He paled.

     I offer no apologies for the length of that segment. Read it. Imagine it being played out in real life – as it is each and every day, by successful transitioners who keep their origins (and their genitalia) to themselves.

     Holly Martinowski, the viewpoint character in the above, is a Type 2 transwoman: clothing, cosmetics, depilations, and breast implants. Sir Thomas Walsingham, her interlocutor, is unaware of it until the very end of the scene. She has an agenda, but it’s not social, legal, or (God help us all) political. It’s to help her flatmate and lover Rowenna, born a futanari, to reconcile with Walsingham, her father. Other than that, she’s a private person who was born male but “presents” as a woman. As she demands nothing from anyone, she is entitled to her privacy and to the tolerance of those around her.

     Imagine Holly using the women’s restroom at Costigan’s Pub. Imagine her going in, doing her business therein, washing her hands, perhaps powdering her nose, and emerging. Would anyone be moved to indignation? Why? Her public presentation is convincing. She hasn’t attacked anyone or exposed her lower body to anyone. Neither has anyone attacked her. So who would be incensed, and why?

     Now imagine that someone who knows, from other sources, that Holly was born Horace is present and raises a row over it. Who has committed the offense against the public peace, and why?

     As we mathematical types like to say, quod erat demonstrandum. No, don’t applaud; just buy my novels – and read them, and think. For the love of God and the future of the Republic, set your preconceptions and prejudices aside and think!

     Blaire White, the transwoman featured (?) in the linked article from The Right Scoop, decided early on to go public about her decision. Her motives are her own; the consequences are not. One of those consequences is the sort of foofaurauw raised by Steve Deace and the writer(s) of the cited article. Yet had Blaire not chosen to go public, she would be as convincing as my fictional character Holly. She would pass as a woman born, and no one would have any cause to complain about her. So the reactions to her are entirely a consequence of not keeping her private decisions to herself. She’s intelligent, so she knows this.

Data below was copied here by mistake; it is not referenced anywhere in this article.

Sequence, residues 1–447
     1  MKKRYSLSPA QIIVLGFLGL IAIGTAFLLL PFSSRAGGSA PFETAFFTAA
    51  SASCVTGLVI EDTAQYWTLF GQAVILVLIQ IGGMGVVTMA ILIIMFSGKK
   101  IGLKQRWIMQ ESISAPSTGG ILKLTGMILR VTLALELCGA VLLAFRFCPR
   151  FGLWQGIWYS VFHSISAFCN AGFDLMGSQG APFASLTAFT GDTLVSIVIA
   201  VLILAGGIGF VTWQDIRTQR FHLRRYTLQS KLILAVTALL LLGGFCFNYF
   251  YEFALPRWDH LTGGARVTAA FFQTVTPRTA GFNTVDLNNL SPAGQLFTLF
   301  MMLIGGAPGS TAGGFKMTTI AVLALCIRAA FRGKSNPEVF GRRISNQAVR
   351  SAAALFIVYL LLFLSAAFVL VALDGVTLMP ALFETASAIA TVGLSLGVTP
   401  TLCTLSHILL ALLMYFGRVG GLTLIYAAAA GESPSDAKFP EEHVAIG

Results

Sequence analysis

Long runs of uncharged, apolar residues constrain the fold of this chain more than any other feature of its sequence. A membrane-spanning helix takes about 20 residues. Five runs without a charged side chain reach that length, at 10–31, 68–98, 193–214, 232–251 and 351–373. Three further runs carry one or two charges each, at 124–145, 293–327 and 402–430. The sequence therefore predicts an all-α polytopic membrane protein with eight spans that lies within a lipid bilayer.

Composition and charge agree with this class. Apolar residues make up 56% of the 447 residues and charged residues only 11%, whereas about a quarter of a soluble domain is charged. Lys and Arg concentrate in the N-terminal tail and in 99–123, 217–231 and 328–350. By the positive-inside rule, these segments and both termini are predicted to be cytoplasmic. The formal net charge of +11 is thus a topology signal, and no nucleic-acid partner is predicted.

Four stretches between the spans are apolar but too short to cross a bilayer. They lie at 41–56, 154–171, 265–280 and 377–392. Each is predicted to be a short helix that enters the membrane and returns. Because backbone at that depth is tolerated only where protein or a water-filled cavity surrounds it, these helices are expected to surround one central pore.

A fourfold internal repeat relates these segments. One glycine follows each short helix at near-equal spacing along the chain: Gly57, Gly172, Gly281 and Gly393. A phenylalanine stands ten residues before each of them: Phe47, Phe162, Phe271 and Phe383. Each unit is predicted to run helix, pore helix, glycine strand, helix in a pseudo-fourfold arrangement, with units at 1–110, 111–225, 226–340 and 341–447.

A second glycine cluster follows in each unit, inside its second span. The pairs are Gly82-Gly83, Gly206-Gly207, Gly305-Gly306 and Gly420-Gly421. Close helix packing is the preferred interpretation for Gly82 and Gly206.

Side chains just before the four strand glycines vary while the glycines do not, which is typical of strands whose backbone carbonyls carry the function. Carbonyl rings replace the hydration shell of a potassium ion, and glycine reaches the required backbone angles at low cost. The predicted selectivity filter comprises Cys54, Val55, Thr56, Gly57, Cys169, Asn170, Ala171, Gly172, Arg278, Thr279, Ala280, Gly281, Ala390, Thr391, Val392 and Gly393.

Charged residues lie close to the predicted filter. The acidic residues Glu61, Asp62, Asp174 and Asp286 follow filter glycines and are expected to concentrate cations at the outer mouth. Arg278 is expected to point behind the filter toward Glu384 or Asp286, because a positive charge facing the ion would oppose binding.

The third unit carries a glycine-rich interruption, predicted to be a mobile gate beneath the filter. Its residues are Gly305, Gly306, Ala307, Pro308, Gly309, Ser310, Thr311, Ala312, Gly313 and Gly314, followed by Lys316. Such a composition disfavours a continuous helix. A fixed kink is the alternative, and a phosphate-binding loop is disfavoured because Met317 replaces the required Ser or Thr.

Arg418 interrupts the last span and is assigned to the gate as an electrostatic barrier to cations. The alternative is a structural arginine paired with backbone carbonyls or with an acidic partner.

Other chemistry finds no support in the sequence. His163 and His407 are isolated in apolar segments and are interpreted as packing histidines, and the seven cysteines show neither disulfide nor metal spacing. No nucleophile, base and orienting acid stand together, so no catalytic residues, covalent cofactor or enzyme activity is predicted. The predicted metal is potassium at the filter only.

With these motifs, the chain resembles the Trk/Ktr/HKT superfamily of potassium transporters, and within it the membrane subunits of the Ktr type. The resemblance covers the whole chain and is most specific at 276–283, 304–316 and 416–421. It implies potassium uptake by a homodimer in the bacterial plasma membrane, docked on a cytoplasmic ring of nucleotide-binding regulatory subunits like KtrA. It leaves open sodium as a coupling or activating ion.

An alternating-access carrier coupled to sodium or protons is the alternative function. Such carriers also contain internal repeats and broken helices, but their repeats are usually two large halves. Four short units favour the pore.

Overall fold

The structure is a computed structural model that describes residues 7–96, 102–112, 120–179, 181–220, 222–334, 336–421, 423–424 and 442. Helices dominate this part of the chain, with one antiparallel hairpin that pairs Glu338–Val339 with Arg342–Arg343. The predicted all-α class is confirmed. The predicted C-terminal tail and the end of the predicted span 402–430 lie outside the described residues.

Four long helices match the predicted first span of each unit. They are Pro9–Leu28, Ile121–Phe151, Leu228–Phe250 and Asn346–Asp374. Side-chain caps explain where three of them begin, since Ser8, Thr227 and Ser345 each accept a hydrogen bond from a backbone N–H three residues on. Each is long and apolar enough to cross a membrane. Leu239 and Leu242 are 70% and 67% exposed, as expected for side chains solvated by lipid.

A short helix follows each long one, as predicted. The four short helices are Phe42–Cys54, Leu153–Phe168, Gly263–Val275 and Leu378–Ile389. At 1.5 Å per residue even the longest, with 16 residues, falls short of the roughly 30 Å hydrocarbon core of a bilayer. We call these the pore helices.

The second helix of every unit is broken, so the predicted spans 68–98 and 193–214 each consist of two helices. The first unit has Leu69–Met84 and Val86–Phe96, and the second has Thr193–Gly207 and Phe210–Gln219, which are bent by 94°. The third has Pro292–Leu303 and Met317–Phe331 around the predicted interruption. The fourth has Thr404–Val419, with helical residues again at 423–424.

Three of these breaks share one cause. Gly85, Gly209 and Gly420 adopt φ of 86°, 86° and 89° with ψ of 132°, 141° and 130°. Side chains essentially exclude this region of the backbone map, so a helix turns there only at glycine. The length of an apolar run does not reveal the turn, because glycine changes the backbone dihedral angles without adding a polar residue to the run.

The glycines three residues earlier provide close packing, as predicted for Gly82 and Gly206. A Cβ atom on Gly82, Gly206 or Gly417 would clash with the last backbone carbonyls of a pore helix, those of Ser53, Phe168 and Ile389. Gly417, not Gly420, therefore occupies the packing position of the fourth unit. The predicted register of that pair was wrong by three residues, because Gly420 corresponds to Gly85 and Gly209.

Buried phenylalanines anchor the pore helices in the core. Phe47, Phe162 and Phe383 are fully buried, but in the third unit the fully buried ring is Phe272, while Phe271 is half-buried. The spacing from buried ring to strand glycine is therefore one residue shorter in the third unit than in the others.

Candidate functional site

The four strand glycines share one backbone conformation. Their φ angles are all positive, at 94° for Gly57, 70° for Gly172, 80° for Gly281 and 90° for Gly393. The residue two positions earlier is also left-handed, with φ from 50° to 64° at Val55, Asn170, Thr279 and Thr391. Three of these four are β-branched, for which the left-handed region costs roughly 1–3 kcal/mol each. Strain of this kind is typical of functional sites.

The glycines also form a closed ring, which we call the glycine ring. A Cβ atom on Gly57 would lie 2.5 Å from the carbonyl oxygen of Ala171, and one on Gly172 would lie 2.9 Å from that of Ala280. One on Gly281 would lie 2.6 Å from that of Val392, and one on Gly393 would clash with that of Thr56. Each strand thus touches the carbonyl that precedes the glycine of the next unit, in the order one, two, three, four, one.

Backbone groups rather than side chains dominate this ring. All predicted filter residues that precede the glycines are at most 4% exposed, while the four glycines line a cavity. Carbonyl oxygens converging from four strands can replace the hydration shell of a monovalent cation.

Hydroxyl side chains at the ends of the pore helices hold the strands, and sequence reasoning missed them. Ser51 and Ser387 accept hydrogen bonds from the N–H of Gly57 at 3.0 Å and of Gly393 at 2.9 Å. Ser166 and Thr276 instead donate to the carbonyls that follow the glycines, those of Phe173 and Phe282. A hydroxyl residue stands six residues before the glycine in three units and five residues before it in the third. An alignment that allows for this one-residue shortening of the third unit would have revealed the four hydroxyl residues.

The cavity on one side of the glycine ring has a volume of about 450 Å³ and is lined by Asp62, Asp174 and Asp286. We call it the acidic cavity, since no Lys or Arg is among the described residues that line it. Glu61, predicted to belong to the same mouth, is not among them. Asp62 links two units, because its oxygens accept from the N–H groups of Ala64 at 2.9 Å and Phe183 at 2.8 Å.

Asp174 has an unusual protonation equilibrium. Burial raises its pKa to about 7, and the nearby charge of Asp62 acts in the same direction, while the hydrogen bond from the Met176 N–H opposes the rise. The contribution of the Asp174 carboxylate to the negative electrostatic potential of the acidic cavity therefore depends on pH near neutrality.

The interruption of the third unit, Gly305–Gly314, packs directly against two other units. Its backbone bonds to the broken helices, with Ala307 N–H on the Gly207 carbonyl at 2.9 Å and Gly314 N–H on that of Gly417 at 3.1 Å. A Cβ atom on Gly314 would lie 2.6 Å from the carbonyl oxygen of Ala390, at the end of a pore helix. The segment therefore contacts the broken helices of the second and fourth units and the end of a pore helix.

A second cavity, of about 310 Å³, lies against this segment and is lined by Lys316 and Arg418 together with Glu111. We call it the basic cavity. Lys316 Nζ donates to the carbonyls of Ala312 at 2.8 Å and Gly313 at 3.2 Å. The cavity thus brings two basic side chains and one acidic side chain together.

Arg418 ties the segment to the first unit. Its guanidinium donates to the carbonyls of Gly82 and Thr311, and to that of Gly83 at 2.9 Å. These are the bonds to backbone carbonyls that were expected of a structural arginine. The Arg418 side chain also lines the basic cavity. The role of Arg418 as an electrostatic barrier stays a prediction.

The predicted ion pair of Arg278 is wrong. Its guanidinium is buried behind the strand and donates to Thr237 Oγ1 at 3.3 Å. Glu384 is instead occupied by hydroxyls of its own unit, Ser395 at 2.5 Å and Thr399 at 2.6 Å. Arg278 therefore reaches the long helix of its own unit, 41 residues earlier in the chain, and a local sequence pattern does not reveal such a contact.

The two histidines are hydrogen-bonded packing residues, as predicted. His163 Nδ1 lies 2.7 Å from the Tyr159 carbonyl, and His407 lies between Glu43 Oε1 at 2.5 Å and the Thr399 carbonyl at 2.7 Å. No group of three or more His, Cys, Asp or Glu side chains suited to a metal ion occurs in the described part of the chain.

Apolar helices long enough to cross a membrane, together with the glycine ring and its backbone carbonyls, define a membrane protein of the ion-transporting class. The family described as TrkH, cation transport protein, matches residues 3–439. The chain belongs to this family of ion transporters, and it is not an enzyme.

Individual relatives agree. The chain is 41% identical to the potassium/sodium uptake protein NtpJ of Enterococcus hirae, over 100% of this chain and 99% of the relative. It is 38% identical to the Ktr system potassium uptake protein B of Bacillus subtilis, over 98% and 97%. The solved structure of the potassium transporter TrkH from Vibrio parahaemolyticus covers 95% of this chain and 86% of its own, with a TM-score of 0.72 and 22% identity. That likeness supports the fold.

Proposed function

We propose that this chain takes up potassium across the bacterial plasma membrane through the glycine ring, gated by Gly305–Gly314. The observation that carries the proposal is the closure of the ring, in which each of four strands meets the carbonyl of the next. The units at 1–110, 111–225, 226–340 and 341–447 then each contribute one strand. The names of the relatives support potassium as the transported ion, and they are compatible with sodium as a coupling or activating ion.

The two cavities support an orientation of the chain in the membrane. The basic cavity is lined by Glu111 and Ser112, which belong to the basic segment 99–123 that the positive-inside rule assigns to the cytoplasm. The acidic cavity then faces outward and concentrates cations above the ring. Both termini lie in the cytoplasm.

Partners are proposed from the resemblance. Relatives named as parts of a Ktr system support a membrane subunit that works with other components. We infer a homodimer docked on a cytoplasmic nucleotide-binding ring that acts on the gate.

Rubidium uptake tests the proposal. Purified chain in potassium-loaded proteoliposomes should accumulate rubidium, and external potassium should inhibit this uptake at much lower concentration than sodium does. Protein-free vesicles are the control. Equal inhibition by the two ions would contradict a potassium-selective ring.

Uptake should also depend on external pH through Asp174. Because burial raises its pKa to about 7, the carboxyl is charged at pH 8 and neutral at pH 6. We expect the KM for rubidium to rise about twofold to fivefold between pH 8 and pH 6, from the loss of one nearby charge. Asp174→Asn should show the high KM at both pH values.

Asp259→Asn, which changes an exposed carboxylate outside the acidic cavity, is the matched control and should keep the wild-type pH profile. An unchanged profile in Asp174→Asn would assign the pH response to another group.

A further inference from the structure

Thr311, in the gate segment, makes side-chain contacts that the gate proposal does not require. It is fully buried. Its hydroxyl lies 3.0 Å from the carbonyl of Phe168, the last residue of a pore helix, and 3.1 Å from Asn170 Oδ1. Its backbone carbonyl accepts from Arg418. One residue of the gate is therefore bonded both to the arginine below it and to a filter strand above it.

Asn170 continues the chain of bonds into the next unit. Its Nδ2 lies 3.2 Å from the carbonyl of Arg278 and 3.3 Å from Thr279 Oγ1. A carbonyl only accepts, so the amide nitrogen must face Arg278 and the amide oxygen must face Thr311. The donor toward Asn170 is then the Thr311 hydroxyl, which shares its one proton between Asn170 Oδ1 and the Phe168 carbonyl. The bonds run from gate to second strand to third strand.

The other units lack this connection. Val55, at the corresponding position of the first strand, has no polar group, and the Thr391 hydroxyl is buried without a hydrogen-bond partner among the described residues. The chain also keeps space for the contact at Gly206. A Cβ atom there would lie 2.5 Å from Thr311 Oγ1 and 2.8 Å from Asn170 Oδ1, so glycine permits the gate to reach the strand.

Deace and the Right Scoop editorialist commit a glaring sin against their own supposed conservatism by implying that Blaire cannot be a political conservative. What’s more conservative, politically, than an emphasis on the sanctity of personal privacy? Blaire has sacrificed her privacy for a reason, in my opinion, a good one: to demonstrate that there is such a thing as the socially tolerable transitioner. But she doesn’t demand that others accept her, or kowtow to her pronouncements.

     Transgenderism is a social and political problem only insofar as we allow it to become one. Unfortunately, the forces of chaos and division are using it as a stick to beat us with. That’s bad. It should be fought. But it should be fought on the correct grounds: the importance of personal privacy about intimate decisions to the preservation of vital social norms and public conduct. As there is no more intimate decision than whether to transition, or to what extent, I’m tempted to say that that “should” be “obvious.” Unfortunately once again, apparently it takes a Certified Galactic Intellect to make it obvious to a significant fraction of the “conservatives” among us.


Michael Stone said...

Well said, Mr. Porretto!

Sanders said...

"Conservatism, Inc." has already embraced homosexuality. Why not trannies, too?

Gateway Pundit - run by an open homosexual

Drudge - kept it private for a while, but no longer

Log Cabin Republicans - a homosexual organization

Those are only a few I came up with without thinking too hard about it. The problem is, once you compromise one of your principles, the others are easier until you have no principles left at all.

Francis W. Porretto said...

Sanders: I challenge you to:

1) define the word principle in a fashion that differentiates it from rule and preference;
2) express a principle that somehow forbids or condemns private transgenderism of the sort I defended in this article;
3) somehow connect it to political conservatism.

I'll be waiting -- and breathing.

Tracy Coyle said...

Sanders, Francis has approached your comment in his typically wonderful fashion, I do so in my arrogantly, direct, confrontational one:

What principle do you think a transsexual (and I am making a distinction here) abandons to be conservative politically? Do YOU give up your sense of self to be a political caricature? Or does your sexuality define your political stance? As it does to certain elements of the Left that demand conformity by gays to Liberalism in it's current claimed manifestation?

I am politically classical liberal and being trans in no way violates ANY tenant of that political philosophy. I've known Blaire for about 3 years and we share many of the same viewpoints.

Francis makes the first point about privacy - I expose myself here as post-op TS to note an informed opinion on the topic, and the second within his book and the excerpt: